Attribution, Communication Behavior, and

Attribution, Communication Behavior, and Close Relationships

  • Edited by Valerie L. Manusov
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The field of close relationships is one of the most fertile areas of work in the social and behavioural sciences. Central to theoretical developments in the study of close relationships is a focus on people's interpretive activities and communication behavior. Theories of attribution and of communication styles are prominent in explanations of why and how people begin close relationships, maintain and enhance closeness, and sometimes terminate close relationships. Originally published in 2001, Attribution, Communication Behavior, and Close Relationships brings together scholars from a variety of disciplines whose work focuses on the interplay of attribution processes and communication behavior in close relationships. The book shows ways in which diverse scholarly perspectives can blend to provide insight into areas of common interest. In this case, it is the ways that people in relationships think about communication, make attributions through communication, and communicate about the attributions they make.
Inhoudsopgave
List of contributors; Introduction Valerie Manusov; Part I. Attribution, Affect, and Well-Being in Relationships: 1. Affective influences on communication and attributions in relationships Joseph P. Forgas; 2. Communication and attribution: an exploration of the effect of music and mood on intimate couples' verbal and nonverbal conflict resolution behaviors James M. Honeycutt and Michael E. Eidenmuller; 3. Making sense of hurtful interactions in close relationships: when hurt feelings create distance Anita L. Vangelisti; 4. The association between accounts of relationship development events and relational and personal well-being Jeanne Flora and Chris Segrin; Commentary: affect, attribution, and communication: uniting interaction episodes and global relationship judgments Denise Haunani Solomon; Part II. Attributions and Communication in Dating and Marital Relationships: 5. Attributions, communication, and the development of a marital identity Catherine A. Surra and Denise S. Bartell; 6. Causal attributions of relationship quality Ellen Berscheid, Jason Lopes, Hilary Ammazzalorso, and Nora Langenfeld; 7. The content of attributions in couples' communication Valerie Manusov and Jody Koenig; 8. Handling pressures for change in marriage: making attributions for relational dialectics Patricia Noller, Judith A. Feeney and Anita Blakely-Smith; 9. The role of marital behavior in the longitudinal association between attribution and marital quality Matthew D. Johnson, Benjamin R. Karney, Ronald Rogge, and Thomas N. Bradbury; 10. Stepping into the stream of thought: cognition during marital conflict Alan Sillars, Linda J. Roberts, Tim Dun, and Kenneth Leonard; Commentary: thanks for the curry: advancing boldly into a new millennium of relationship attribution research Frank D. Fincham; Part III. New Directions and Contexts for Attributions and Communication: 11. Attributions and regulative communications by parents participating in a community-based child physical; abuse prevention program Steven R. Wilson and Ellen E. Whipple; 12. 'True lies': children's abuse history and power attributions as influences on deception detection Daphne Blunt Bugental, William Shennum, Mark Frank, and Paul Ekman; 13. HIV-infected persons' attributions for the disclosure of the seropositive diagnosis to significant others Valerian J. Dergla and Barbara A. Winstead; 14. Attributions about communications styles and strategies: prediciting dating couples' safe-sex discussions and relationship satisfaction Candida C. Peterson, Ashlea Troth, Cynthia Gallois, and Judith Feeney; 15. Why do people have affairs? Recent research and future directions about attributions for extramarital involvement David Atkins, Sona Dimidjian, and Neil Jacobson; 16. Attribution in social and parasocial relationships Rebecca B. Rubin and Alan M. Rubin; Commentary: extending attribution theory: contributions and cautions Sandra Metts; Part IV. A Discussion of Attribution Theory for Close Relationships: 17. The status of attribution theory qua theory in personal relationships Brian H. Spitzberg; 18. Are there superior options? Commentary on Spizberg's 'the status of attribution theory qua theory in personal relationships' John H. Harvey and Julia Ormazu; Index.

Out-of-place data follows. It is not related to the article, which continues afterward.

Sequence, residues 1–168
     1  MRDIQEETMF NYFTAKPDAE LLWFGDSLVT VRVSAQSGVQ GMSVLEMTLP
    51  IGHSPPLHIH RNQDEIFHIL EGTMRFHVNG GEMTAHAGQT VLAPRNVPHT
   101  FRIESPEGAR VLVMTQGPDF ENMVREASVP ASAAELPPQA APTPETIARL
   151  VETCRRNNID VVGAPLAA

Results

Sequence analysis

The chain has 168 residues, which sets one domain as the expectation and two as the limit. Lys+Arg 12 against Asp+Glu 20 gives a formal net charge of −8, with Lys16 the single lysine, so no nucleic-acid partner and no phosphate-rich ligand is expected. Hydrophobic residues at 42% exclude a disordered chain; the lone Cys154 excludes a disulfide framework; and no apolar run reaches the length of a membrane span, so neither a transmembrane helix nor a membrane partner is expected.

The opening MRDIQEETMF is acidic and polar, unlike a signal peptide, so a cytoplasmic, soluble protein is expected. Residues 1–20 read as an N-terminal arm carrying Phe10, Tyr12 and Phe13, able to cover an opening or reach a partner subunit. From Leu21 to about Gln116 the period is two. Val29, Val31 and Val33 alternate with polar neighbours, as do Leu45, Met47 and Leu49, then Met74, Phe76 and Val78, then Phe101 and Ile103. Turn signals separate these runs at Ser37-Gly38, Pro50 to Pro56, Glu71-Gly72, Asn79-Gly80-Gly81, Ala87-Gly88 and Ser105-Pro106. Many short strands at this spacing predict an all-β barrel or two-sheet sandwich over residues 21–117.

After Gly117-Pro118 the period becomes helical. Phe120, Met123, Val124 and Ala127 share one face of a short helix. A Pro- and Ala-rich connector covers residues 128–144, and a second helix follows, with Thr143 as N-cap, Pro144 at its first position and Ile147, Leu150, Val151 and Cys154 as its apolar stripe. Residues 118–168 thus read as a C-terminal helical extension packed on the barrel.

Review
"The ultimate question, of course concerns whether this work will serve to stimulate future research in the area that adds to our understanding of attributions and relationships. I believe it will
Vakgebieden
Productdetails
Uitgavejaar 2001
ISBN 9780521770897
Serie Advances in Personal Relationships
Verschijningsdatum 1 jan. 2001
Omvang 408
Auteur(s) Edited by Valerie L. Manusov
Taal Engels
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